Wednesday, Sept. 3, the University of Colorado Boulder reported that they are expecting to see a large increase in positive COVID-19 cases.
The university’s COVID-19 dashboard reported that 21 people had tested positive for COVID-19 on Wednesday.
“Our CU Boulder testing, contact tracing and Boulder County Public Health (BCPH) collaborations alerted us this morning to a potential increase in positive COVID-19 cases among our on and off-campus students,” said Dan Jones, Associate Vice Chancellor for Integrity Safety and Compliance.
The university reported that four residence halls had an outbreak of COVID-19: Darley North, Darley South, Libby Hall and Willard Hall.
The outbreaks were first discovered by a wastewater test, performed by the university.
“As a precaution, early this afternoon we notified students in Darley North, Darley South and Libby Hall who had not already done so this week to complete saliva-based monitoring tests today to identify potential cases and implement measures for containing community spread,” Jones continued, in a release published on the university’s website.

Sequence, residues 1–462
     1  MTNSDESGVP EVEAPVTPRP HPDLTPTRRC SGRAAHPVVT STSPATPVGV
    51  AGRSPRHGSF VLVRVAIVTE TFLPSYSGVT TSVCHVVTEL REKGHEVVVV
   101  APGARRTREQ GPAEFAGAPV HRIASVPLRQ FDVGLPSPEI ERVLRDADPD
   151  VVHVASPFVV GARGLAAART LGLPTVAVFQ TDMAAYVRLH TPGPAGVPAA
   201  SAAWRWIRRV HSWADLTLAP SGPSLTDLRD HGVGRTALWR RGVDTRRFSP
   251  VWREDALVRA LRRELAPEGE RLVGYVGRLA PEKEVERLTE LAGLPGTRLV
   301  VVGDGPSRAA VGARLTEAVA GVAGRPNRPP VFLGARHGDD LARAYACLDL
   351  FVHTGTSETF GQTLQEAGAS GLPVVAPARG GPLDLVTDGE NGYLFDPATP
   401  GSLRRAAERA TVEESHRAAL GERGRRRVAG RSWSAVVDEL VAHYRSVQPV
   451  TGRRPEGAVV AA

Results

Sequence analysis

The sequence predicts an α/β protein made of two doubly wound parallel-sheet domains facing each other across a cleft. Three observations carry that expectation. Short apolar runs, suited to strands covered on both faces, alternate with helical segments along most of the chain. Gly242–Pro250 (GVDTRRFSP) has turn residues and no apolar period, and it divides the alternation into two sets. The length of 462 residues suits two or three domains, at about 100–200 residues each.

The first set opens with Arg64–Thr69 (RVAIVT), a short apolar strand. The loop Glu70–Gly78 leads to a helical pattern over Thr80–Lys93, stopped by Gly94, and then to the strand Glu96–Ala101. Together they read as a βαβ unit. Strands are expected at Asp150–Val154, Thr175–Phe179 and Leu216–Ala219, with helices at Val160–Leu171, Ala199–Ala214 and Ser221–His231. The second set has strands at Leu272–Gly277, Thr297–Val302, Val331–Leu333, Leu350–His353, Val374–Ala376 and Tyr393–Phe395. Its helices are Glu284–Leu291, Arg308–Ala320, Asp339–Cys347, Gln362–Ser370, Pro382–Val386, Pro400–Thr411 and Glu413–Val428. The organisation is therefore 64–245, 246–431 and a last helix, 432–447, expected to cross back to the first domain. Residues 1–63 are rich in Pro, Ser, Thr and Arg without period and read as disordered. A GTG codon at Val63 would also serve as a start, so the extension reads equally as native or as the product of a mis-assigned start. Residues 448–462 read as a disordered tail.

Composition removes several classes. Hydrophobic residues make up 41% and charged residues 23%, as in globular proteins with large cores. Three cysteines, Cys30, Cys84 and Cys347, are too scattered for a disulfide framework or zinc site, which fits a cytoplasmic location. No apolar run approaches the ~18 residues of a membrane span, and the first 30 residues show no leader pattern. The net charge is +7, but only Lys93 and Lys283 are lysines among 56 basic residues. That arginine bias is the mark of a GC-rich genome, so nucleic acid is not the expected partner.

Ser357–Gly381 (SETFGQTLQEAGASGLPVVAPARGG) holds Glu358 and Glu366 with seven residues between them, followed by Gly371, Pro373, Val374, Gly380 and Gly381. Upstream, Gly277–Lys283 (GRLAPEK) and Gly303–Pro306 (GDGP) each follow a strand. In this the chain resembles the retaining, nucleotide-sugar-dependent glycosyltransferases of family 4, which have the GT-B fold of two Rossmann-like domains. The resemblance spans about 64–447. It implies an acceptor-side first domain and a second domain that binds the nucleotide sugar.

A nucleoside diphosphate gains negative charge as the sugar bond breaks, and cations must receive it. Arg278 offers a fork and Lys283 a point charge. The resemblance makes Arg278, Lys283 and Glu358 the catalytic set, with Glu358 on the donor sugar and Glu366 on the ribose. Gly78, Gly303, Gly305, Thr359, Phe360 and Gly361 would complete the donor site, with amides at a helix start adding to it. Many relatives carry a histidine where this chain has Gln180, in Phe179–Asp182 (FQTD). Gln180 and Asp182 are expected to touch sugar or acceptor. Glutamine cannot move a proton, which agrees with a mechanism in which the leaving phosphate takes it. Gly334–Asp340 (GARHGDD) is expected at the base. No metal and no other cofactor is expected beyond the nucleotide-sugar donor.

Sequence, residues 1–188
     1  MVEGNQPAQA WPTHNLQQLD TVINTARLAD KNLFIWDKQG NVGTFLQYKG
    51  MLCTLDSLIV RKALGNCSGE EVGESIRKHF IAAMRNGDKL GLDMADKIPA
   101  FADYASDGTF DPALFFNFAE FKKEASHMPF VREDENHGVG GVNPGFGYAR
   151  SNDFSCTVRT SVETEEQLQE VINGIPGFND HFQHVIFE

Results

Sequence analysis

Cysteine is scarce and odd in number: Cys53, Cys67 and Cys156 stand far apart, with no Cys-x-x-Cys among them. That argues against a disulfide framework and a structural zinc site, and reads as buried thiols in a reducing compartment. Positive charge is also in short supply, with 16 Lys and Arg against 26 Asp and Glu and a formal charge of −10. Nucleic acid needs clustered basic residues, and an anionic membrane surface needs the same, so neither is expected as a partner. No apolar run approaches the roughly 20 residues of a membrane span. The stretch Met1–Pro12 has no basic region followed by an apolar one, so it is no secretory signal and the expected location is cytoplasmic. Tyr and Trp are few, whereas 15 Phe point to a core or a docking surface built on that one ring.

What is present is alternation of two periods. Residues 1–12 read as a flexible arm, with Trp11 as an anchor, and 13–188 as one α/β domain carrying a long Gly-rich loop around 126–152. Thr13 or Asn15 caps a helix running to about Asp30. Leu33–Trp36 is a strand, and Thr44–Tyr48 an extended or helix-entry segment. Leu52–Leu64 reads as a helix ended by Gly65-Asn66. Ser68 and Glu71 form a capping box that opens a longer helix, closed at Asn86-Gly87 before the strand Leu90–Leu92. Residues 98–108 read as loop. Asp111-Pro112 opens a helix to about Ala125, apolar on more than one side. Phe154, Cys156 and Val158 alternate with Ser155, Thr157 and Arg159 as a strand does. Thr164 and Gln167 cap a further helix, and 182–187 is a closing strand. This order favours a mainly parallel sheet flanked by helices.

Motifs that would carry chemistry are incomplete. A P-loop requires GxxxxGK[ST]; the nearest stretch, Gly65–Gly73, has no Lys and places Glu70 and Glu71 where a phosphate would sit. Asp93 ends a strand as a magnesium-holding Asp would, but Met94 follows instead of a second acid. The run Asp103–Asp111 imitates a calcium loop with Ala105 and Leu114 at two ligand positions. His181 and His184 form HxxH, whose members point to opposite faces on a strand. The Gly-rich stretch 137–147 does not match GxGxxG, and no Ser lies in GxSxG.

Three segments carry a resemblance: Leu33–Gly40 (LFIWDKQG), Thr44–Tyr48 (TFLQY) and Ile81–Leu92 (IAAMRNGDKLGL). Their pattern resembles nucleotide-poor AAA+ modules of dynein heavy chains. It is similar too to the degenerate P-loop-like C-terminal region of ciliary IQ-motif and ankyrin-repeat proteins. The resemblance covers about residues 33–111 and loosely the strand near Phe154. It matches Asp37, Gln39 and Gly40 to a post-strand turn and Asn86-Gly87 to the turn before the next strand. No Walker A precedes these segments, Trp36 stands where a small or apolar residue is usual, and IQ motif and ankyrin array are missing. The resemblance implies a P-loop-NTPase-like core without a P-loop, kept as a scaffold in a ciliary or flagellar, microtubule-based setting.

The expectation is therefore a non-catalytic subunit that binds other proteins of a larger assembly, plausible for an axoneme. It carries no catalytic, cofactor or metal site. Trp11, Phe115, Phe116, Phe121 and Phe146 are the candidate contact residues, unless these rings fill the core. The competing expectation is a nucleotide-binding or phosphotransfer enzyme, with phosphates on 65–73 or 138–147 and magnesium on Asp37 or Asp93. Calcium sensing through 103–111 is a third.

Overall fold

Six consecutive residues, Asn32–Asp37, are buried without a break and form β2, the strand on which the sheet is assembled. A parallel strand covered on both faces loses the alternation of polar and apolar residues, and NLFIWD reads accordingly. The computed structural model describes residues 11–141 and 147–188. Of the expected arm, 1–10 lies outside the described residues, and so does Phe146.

In a statement provided to the Independent, the university said that “We notified all students in the affected residence halls urging them to get tested at one of our monitoring sites on campus if they hadn’t done so already this week.”
They did not mention if those students living in residence halls would be required to take a COVID-19 test.
In addition to the residence halls, a fraternity and sorority both had confirmed cases of COVID-19. The university said that they are working to provide support to the students living in the affected houses.
Despite the outbreak, the university is still trying to keep students in-person.
“There is no plan for a change in operating status at this time,” said the statement.
“The next few days will be critical to our ability to maintain our current operating status. It is imperative that we all continue to follow public health orders, avoid large gatherings, wear masks and practice physical distancing,” Jones said.
“If a student has symptoms of COVID-19,” the university’s statement said, “they should contact their medical provider. All symptomatic students may be tested through the Public Health Clinic at Wardenburg, and there is availability of same-day appointments with healthcare providers and for testing.”
Contact CU Independent Staff Writer Henry Larson at firstname.lastname@example.org.